by C.J. Sansom
Reviewed by Margaret Donsbach
Dissolution, the first of the Matthew Shardlake mysteries, is set in 1537, shortly after the death of Henry VIII's third wife, Jane Seymour. Inevitably, the mourning for Queen Jane recalls the more complicated affair of Anne Boleyn's death, in which the fictional Matthew Shardlake's boss, the historical Thomas Cromwell, was deeply involved. Meanwhile, the dissolution of England's monasteries, set in motion by events surrounding Henry's marriage to Anne, proceeds apace.
The monasteries were not dissolved all at once. The king's first efforts at suppressing monasteries set off an uprising of dangerous strength. He and Cromwell moved more carefully after that, forcibly dissolving monasteries only where a strong case could be made for moral laxity and disobedience to the Crown amounting to treason. Instead, abbots and monastic administrators were encouraged to agree to voluntary dissolution. In the novel, one of Cromwell's agents has been murdered while carrying out a visitation of a monastery. He had been looking for evidence of misbehavior that would allow him to "encourage" the monks more persuasively. Shardlake's mission is to find out who murdered the agent and obtain the abbot's agreement to a dissolution.
Shardlake's misshapen back pains him both physically and emotionally. As a child, he was educated in a monastery where he learned first-hand that monks are not necessarily compassionate, godly men. He is, therefore, a whole-hearted believer in the reforms Cromwell is carrying out. But his strong moral sensibilities and keen intelligence introduce doubts about Cromwell's work and his own role in it, doubts which threaten to give him as much pain as his bent back.
The thoughtful literary depth of this novel does not displace the mystery, a genuine puzzler whose solution is both credible and surprising. The mystery turns on the characters of the various suspects, all at the center of the monastery's work and all, sympathetic or otherwise, portrayed as deeply human individuals. (2003; 390 pages, including a Historical Note)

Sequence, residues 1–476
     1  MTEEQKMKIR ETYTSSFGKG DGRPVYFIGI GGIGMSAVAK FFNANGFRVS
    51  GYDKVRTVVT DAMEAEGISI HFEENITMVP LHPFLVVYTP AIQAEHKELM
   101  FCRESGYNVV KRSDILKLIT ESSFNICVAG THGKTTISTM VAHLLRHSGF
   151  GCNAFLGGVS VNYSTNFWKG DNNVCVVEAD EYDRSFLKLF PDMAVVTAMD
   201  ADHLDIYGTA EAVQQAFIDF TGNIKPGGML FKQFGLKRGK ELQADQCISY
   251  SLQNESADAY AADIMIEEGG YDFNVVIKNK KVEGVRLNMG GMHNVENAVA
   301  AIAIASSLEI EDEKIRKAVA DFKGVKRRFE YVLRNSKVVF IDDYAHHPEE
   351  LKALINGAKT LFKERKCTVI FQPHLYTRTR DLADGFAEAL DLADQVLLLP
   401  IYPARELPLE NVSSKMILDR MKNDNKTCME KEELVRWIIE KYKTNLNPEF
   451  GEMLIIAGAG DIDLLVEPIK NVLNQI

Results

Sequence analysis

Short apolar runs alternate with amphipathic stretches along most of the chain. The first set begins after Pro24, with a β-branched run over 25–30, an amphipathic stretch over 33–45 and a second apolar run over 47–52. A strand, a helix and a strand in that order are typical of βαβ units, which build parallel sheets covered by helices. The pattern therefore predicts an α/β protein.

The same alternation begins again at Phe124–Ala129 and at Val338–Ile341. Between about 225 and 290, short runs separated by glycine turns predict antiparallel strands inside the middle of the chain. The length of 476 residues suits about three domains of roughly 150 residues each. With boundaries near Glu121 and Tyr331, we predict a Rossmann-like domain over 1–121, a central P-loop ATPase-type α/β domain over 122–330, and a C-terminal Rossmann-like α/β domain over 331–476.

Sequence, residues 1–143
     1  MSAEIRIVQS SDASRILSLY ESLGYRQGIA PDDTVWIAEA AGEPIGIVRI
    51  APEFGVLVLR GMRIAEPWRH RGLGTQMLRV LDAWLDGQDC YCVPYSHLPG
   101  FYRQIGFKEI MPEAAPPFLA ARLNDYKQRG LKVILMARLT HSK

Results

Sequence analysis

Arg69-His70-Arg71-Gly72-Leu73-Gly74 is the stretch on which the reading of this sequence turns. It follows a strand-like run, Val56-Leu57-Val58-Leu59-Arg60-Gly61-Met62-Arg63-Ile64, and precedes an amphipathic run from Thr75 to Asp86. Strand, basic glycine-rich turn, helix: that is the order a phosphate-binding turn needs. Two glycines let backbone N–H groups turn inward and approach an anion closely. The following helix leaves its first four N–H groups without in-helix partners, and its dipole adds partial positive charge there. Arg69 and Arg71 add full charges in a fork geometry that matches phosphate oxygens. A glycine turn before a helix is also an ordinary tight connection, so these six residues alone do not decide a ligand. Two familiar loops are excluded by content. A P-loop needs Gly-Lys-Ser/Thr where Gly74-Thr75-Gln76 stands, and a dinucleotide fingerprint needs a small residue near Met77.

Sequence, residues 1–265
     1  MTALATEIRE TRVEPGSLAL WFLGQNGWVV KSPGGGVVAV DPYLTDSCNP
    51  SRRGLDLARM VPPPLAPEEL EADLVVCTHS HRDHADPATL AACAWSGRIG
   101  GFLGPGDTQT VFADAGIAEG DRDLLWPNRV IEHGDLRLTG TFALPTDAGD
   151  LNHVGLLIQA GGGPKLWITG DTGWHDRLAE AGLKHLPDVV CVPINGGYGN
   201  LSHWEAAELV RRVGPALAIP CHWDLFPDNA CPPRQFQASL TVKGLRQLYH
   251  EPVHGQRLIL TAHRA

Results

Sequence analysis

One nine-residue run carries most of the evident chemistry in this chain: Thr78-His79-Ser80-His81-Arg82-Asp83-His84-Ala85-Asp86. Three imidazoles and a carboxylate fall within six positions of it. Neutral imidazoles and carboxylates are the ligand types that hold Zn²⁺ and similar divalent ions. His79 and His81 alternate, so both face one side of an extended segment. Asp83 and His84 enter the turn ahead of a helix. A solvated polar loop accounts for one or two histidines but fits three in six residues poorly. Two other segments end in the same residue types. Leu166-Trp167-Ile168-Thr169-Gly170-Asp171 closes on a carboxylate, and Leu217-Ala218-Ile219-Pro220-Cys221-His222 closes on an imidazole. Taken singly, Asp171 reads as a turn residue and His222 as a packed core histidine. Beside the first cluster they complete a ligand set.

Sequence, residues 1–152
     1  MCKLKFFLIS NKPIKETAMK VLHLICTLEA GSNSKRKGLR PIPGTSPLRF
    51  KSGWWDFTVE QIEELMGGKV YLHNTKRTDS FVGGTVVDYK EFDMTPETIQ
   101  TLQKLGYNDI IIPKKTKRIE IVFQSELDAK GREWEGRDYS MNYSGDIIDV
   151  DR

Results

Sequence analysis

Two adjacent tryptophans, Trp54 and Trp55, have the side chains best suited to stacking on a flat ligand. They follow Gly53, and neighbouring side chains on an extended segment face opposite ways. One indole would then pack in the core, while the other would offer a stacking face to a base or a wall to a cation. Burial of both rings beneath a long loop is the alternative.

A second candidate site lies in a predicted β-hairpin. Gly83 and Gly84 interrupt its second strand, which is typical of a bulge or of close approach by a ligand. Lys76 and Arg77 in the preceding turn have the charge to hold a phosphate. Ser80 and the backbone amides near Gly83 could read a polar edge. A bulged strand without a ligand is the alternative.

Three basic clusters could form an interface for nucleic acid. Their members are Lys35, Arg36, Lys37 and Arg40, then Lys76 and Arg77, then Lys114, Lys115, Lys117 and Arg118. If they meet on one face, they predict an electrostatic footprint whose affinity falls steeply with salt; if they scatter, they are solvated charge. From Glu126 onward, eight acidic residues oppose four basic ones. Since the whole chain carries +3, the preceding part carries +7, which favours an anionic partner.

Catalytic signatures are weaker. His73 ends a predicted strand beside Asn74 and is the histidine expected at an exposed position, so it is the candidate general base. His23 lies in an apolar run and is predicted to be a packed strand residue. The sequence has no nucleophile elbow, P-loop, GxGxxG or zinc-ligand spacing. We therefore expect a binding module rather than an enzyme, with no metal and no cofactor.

More about Dissolution at Powell's Books or Amazon.com
For other novels in the Shardlake series, see the mystery section on the Renaissance page.
Other novels about Thomas Cromwell and the suppression of the monasteries:
Wolf Hall by Hilary Mantel (2009), a more sympathetic but no less complex view of Cromwell and the beginnings of the Church of England. Review or more info at Powell's Books
The Old Priory by Norah Lofts (1981), a family saga beginning in 1590 when a young sailor acquires the ruins of an old priory despite local legends that say it was cursed when King Henry VIII turned out the monks. More info
The Man on a Donkey by H.F.M. Prescott (1952), about the 1536 rebellion set off by Henry's first, most forceful efforts to dissolve England's monasteries. More info
Nonfiction about Thomas Cromwell and the suppression of the monasteries:
The Religious Orders in England: The Tudor Age by David Knowles (1959). More info
Reform and Renewal: Thomas Cromwell and the Common Weal by Geoffrey R. Elton (1973). More info
Thomas Cromwell: The Rise and Fall of Henry VIII's Most Notorious Minister by Robert Hutchinson (2009). More info
The Dissolution of the Monasteries at the Britain Express website
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